Wednesday, February 5, 2014

New songs for February 5th, 2014

here they are:

"Brighter" by Ozomatli: Until recently I overlooked this group. They've got it all, though! Latin, rock, jazz, soul, and reggae all wrapped up into one neat little package!! Their best known song so far is probably "Who Discovered America?", partly due to it being featured in the romantic comedy, "Never Been Kissed". "Brighter" is probably Ozomatli's most reggae inflected track so far. Its easy, flowing mix of reggae, pop, rock, and hip-hop influences recall some of the earlier Michael Franti songs. It also shares a lot of Franti's positive messages as well ("world is gonna look much brighter").

"Do I Look Worried?" by The Tedeschi-Trucks Band: Back when I first reviewed The Tedeschi-Trucks Band about three years ago, I had not expected them to be such heavy hitmakers on adult alt radio (arguably more than Tedeschi's solo work). Another thing I would not have expected from Susan and Derek would be a slow, doo-wop/early soul influenced song, yet that's exactly what "Do I Look Worried?" is. Derek Trucks' guitar playing, as always, is present on the song, but the rhythm is decidedly different from most of the TTB's material, coming in the form of a waltz, instead of a pop/rock rhythm. This little band has sure gone a long way!!

"Invisible" by U2: This song has a sound that starts out as slightly foreboding, before building up rather quickly to sound more like a pop/rock song, much like the similarly titled "Invisible Sun" by The Police (title stealers, anyone?! Haha, just kidding!) Apparently, Bono released this song as a way for listeners to contribute to a generation he hopes will be free of AIDS. The lyrics in the chorus of the song, about how "you don't see me, but I'm not invisible", are definitely intended to give people hope who are in need of it. The sound of the song walks the line between rock and roll and techno, while feeling much more like the former than the latter, much like a lot of the songs from their '91 album, "Achtung Baby", so I can't complain there! All in all, this is a very fresh, exuberant effort from a band who has stayed together for over three decades!!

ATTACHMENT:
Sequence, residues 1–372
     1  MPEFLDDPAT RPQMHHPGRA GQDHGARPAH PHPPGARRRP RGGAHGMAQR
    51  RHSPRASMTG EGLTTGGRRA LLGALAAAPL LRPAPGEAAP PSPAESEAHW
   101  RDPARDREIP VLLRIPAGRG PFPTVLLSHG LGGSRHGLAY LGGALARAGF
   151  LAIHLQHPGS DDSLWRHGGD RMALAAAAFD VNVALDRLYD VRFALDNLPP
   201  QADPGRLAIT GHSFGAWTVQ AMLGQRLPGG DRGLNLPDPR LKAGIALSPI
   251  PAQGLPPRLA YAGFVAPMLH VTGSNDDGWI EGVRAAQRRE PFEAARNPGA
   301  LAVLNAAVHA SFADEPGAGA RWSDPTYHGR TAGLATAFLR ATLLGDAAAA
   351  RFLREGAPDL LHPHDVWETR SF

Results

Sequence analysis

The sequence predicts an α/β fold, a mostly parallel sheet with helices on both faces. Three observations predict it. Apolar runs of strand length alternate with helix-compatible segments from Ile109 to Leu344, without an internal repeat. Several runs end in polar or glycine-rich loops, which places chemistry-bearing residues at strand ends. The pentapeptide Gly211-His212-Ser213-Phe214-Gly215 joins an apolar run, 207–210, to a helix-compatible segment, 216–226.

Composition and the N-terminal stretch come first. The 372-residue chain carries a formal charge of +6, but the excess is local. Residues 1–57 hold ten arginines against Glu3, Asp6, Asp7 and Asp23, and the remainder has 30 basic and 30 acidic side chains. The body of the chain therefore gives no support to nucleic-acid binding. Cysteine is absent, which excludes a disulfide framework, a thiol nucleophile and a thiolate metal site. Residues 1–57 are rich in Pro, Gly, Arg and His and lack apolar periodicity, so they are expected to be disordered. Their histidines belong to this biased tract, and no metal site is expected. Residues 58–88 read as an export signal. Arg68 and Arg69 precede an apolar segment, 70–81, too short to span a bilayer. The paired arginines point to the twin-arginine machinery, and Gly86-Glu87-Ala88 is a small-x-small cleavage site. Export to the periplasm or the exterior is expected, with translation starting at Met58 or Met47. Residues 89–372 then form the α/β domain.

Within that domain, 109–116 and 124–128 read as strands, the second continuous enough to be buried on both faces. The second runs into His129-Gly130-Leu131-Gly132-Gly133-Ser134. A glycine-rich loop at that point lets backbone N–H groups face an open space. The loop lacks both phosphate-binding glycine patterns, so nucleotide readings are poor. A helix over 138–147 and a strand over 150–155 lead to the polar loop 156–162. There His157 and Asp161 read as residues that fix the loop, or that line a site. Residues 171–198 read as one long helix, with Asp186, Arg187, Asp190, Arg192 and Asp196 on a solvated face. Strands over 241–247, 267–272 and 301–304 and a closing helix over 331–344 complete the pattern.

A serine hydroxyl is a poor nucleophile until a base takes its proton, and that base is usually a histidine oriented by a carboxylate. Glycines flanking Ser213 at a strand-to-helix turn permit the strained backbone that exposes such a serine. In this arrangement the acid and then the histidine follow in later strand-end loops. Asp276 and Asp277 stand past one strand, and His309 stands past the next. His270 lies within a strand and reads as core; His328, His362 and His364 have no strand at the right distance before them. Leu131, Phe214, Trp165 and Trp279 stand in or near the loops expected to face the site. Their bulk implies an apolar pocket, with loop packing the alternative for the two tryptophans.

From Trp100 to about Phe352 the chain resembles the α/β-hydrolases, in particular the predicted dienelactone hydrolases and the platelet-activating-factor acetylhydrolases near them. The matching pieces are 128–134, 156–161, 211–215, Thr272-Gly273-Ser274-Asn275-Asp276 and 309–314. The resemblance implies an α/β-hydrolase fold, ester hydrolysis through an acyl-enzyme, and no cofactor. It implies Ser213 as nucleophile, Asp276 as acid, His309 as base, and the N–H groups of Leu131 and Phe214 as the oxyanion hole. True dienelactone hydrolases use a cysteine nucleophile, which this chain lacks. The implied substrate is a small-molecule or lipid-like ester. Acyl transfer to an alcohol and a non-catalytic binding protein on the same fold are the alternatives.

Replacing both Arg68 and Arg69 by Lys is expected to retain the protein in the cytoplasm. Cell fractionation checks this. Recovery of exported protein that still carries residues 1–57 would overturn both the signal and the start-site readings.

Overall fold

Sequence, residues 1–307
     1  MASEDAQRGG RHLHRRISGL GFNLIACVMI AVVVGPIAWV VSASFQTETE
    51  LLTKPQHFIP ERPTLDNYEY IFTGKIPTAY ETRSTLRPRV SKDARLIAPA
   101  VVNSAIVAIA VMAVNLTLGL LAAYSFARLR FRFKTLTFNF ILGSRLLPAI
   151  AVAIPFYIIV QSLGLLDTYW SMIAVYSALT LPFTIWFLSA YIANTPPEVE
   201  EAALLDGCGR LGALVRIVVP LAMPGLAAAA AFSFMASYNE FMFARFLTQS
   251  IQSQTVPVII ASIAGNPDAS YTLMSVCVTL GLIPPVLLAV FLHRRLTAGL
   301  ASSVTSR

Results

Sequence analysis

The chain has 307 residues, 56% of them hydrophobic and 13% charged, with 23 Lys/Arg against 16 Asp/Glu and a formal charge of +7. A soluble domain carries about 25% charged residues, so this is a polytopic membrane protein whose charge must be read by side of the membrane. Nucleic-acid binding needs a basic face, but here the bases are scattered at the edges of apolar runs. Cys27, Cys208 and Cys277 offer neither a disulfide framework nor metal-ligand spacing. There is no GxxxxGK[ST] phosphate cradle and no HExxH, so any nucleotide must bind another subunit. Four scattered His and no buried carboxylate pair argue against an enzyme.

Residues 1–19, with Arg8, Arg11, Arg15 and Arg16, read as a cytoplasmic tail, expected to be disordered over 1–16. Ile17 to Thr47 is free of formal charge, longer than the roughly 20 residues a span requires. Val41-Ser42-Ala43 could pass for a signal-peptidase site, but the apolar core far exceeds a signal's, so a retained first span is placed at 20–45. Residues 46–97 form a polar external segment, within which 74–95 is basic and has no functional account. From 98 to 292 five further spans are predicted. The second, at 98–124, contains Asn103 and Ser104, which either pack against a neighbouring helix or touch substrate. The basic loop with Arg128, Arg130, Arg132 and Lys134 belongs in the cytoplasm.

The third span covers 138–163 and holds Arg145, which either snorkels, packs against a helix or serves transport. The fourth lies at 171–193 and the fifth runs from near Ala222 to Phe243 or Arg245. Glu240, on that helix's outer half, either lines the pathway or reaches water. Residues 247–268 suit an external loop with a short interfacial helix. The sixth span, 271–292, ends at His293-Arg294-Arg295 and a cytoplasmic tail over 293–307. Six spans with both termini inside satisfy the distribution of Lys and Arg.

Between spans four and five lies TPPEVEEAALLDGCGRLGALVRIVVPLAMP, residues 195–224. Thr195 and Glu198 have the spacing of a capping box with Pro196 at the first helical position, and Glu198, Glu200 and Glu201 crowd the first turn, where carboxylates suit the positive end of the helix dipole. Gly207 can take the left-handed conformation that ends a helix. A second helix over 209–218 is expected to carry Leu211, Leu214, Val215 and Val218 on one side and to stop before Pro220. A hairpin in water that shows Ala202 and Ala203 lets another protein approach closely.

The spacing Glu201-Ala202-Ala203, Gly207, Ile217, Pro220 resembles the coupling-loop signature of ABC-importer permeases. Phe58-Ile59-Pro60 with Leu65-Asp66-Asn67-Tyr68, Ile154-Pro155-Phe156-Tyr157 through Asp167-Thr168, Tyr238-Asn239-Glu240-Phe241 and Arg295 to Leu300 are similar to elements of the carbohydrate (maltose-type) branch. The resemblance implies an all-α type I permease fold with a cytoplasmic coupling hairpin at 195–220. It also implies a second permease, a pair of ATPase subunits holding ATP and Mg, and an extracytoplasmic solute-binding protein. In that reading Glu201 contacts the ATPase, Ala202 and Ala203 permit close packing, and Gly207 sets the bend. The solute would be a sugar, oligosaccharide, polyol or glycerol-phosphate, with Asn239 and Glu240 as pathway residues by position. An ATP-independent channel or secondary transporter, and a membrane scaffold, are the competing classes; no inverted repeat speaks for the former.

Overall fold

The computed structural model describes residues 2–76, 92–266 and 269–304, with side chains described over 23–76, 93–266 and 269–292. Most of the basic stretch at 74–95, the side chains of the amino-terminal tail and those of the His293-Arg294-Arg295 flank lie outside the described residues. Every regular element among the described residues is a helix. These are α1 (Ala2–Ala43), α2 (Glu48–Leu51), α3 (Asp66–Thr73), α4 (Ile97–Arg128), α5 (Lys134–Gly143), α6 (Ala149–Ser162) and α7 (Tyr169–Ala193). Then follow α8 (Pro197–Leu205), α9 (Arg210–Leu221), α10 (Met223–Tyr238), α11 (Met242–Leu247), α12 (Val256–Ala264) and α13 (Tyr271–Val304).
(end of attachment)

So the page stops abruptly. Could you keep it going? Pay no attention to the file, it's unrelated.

"New York Morning" by Elbow: The ultra-mellow feel of this song definitely suggests "morning", but it doesn't quite feel like the loud, hustle bustle atmosphere typically associated with New York (perhaps partly because Elbow are a British band). "New York Morning" is actually a very sweet song, with a lovely story behind it. It is about a married couple named Dennis and Lois, who grew up during the New York punk scene, that the band members knew personally. The experience of these two living in New York is chronicled quite nicely in the music video for this song, which can be viewed here:

"Nothing Quite Like Home" by G. Love and Special Sauce: G. Love and co haven't rocked (or jazzed) out quite this hard since the '90s!! Love (born Garrett Dutton) tended to focus more on acoustic blues and folk for most of the 21st century. "Nothing Quite Like Home" sees Dutton plugged in once again for the first time in quite a while! The opening riff (which is used throughout the song) sounds a little like "Smoke On the Water" if it were sampled by Beck and performed by Ben Harper. As the song says, "There's nothing else quite like home". If by "home", G. Love means the music he was originally known for, then there really is nothing quite like it!

"Spinners" by The Hold Steady: In both sound and lyric, The Hold Steady are pretty much the indie rock version of Bruce Springsteen's E Street Band (though they have a slightly rougher sound)! The Hold Steady's songs are typically slices of life in urban bohemia, with a somewhat angst ridden undercurrent, and "Spinners" is no exception. "Spinners" seems to place a bit more emphasis on how the enjoyment of music ties in to the lifestyle of the band members and their friends, how it both builds them up and tears them apart. As a boy who grew up around the urban bohemia of Los Angeles, I approve (though their hometown is Brooklyn, New York).